Okay, plot acquired! The chairman suggested I leave the plot for two weeks to “let the weed killer do its work” and as it had already been one week since I was supposed to view the plot, this meant that from the following weekend, I could start investigating the soil and tidying the plot.
“If you fail to plan, you are planning to fail!”Benjamin Franklin
The first steps I took planning the plot:
Check the compass directions. Traditionally it is advised that for vegetable beds it is a good idea that you try to run (if you plant in rows) with the rows running North to South. This allows the maximum amount of shared sunlight on rows as the sun follows its East to West path.
My plot is on a slope, so I dug a number of holes around the plot at top and the bottom. I filled each hole with a few buckets of water to see how long it takes them to drain. This lets you figure out the drainage of the plot. If the water remains for more than a couple of hours, the soil is waterlogged with poor drainage. Waterlogged soil is generally not great. It causes conditions like root rot and will not be ideal for growing. To improve you will have to open the soil up and possibly dig in some rocks/stones or sand (be careful with sand as this could have the adverse effect). If the hole drains too quickly (like immediately), you have too much drainage and in summer, plants will dry out very quickly. To remedy, organic matter is your friend and possibly a surface mulching will help hold in moisture.
3. What is your Soil PH:
Next thing should be a simple PH and soil test. Depending on what you wish to grow, different plants do better in different PH levels. You can get a kit online for cheap – thank you Amazon! Ideally, for an all-round grower a neutral or slightly acidic soil suits most things (so around the 7PH mark is what you should be aiming for). You can add soil improvers or lime if you need raise your PH and rainwater is slightly acidic in nature. If you have a very alkaline soil, then some sulphates are a good way to raise it or regular doses of manure/watering with rain water is a good way to adjust over time.
4. Determining Soil type:
There was not a real need to see what kind of soil I had…it was obviously not sandy, it was very, very much clay. To test your soil, just dig up a bit and just squish some soil in your hand, if it falls apart it is sandy, if it rolls into a ball it is clay. If it easily forms a ball it is very clay like. Changing a heavy clay soil into something nicer to grow in or a sandy soil (into one which holds water better) is pretty much the same process. Add organic matter by the barrow! I would not advise mixing in sand to clay as this could simply result in turning your clay patch into something closer resembling cement! For the amount of sand needed to clear a clay area you need a lot more sand than clay and this is not generally economically viable. I will talk about changing your soil and soil care later in the blog in more detail.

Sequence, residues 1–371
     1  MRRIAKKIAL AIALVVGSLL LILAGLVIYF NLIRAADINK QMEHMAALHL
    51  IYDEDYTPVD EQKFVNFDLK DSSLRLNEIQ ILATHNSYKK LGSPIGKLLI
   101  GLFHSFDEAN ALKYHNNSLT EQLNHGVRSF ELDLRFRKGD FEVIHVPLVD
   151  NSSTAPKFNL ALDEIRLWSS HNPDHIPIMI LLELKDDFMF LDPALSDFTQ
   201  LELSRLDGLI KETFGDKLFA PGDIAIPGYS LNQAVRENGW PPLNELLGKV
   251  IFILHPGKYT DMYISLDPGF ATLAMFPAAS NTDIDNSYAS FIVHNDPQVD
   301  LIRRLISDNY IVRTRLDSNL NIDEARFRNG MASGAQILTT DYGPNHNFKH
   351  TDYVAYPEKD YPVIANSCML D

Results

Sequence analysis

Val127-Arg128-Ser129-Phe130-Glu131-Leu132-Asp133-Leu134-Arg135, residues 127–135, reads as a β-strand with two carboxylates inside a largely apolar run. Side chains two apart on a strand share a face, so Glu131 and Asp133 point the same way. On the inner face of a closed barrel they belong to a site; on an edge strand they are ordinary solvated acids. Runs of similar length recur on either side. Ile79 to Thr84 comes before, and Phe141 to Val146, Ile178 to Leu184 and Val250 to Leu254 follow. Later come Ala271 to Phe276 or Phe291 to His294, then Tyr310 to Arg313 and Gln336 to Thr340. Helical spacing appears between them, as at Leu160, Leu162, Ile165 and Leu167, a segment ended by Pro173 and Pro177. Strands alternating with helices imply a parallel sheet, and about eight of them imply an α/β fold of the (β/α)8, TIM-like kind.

5. Observing your Sun spots or Shady traps:
Next, just simply watch or take a time capture video. This will show you which areas which receive the most sunlight and which areas are shady. For me I figured about 100% of my plot received the morning sun and in summer at around noon, the southern side was in shade and only 30% of the plot had sun for the afternoon. So the North east side will be the best place to grow any sun-loving veg like cucumbers and tomatoes. The southern side will be better for plants, which appreciate a bit more shade or are sun sensitive like lettuce or garlic.
6. Plotting the area:
Lastly, measure your plot. I simply took a tape measure out and measured my plot areas. My plot was around 17m long and 7m wide, it was not quite square as it was wider at the top than it was at the bottom but at least this gave me the gist to be able to estimate the number of plants we would be able to grow in each ‘growing section’.
7. Designing your space:
Okay, so now I had a good idea about the directions, soil conditions, scale, drainage and light conditions. It was time to design the plot.On a simple piece of paper where 1cm = 1m I drew up a number of designs. Next was back to the research. It was time to find what I wanted to grow; looking at the soil types and number of plants to figure out what could go into each ‘growing plot’.